OSLO, Norway & BOSTON, Massachusetts — March 9, 1958 & April 20, 1958
Unassuming Connie Broden is the answer to one of the best hockey trivia questions: Who is the only player to win the IIHF World Championship and the Stanley Cup in the same year? Broden accomplished this unique double in the spring of 1958. As a high-scoring forward on Canada's Whitby Dunlops, he won the World Championship in Oslo, Norway. Later, Broden joined the Montreal Canadiens and won his second Stanley Cup in two years with the Habs.
Since 1977, when NHL players whose teams have been eliminated from the Stanley Cup playoffs have played at the World Championships, the double victory has been impossible, yet in earlier days when an amateur could turn pro or a pro revert to amateur, no one before or after Broden came close to winning the two great prizes in the same season.
While Broden was a marginal player in the professional ranks, the Montreal led the Oslo championship in scoring with 12 goals and seven assists in seven games. His most important goal gave Canada a 2-1-lead in the decisive game against the Soviet Union, on the final day of the tournament, March 9, 1958. The game ended 4-2 and the Dunlops won Canada its first title in three years.
Just six weeks later, Broden was with the Canadiens as they marched to their third straight Stanley Cup. Broden played only one of the five games in the finals against Boston, but that was enough to have his name etched on the hallowed trophy.
Broden's NHL career was as short as it was remarkably successful. In just three seasons with Montreal, he played a mere six NHL games in the regular season and seven more in the playoffs. In all, he recorded only two goals and two assists yet got his name on the Stanley Cup twice, in 1957 and '58. Some 50 years later, Broden's achievement remains unmatched. It might well be one that is never equaled.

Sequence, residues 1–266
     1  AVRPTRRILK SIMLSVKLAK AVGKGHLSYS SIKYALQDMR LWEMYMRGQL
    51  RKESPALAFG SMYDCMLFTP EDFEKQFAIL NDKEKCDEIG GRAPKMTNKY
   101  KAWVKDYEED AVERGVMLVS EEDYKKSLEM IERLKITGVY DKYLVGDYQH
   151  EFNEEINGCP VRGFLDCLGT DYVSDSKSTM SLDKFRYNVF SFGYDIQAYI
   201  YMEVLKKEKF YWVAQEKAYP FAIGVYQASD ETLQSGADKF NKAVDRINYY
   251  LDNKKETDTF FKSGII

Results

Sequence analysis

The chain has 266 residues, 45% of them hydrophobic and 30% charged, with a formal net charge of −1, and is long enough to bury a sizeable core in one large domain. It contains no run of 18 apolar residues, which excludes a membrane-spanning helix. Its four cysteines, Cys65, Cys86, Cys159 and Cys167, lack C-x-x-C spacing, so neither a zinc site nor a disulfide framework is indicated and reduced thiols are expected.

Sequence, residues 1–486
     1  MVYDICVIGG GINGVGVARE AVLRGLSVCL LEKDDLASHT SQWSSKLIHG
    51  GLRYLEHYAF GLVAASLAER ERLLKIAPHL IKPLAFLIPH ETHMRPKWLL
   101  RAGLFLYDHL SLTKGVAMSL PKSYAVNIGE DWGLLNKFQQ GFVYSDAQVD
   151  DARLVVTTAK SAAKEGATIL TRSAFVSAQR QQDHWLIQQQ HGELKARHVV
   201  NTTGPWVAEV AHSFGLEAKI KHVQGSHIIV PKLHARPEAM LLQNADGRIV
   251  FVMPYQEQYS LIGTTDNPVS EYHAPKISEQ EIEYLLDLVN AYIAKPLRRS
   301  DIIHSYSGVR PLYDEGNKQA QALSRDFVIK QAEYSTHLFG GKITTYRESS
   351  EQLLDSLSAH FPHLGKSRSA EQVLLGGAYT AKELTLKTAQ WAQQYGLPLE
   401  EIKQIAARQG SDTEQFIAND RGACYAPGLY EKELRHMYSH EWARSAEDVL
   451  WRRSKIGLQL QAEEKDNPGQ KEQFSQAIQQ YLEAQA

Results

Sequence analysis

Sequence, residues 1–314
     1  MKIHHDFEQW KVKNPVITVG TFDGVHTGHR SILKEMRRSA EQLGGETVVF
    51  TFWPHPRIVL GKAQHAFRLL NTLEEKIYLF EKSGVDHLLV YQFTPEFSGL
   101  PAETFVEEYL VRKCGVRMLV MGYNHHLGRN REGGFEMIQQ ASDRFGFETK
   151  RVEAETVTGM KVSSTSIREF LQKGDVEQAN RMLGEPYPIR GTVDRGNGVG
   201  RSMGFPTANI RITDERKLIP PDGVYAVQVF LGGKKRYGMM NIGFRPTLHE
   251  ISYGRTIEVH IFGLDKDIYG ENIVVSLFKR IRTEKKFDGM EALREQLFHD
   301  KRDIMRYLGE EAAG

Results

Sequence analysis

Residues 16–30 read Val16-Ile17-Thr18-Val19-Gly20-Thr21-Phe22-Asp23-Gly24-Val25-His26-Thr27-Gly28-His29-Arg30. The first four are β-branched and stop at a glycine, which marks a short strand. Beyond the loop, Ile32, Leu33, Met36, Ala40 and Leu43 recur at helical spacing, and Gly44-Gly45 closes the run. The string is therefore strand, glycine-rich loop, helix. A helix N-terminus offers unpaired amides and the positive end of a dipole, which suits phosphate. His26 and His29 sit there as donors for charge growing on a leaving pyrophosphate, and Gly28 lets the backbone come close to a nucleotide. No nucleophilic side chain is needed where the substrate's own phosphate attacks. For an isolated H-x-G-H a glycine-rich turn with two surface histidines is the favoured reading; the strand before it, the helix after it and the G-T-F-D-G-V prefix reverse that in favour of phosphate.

As part of the IIHF's 100th anniversary celebrations, www.IIHF.com is featuring the 100 top international hockey stories from the past century (1908-2008). Starting now and continuing through the 2008 IIHF World Championships in Canada, we will bring you approximately three stories a week counting down from Number 100 to Number 11.
The Final Top 10 Countdown will be one of the highlights of the IIHF's Centennial Gala Evening in Quebec City on May 17, the day prior to the Gold Medal Game of the 2008 World Championship.
These are the criteria for inclusion on this list: First, the story has to have had a considerable influence on international hockey. Second, it has to have had either a major immediate impact or a long-lasting significance on the game. Third, although it doesn't necessarily have to be about top players, the story does have to pertain to the highest level of play, notably Olympics, World Championships, and the like. The story can be about a single moment — a goal, a great save, a referee's call — or about an historic event of longer duration — a game, series, tournament, or rule change.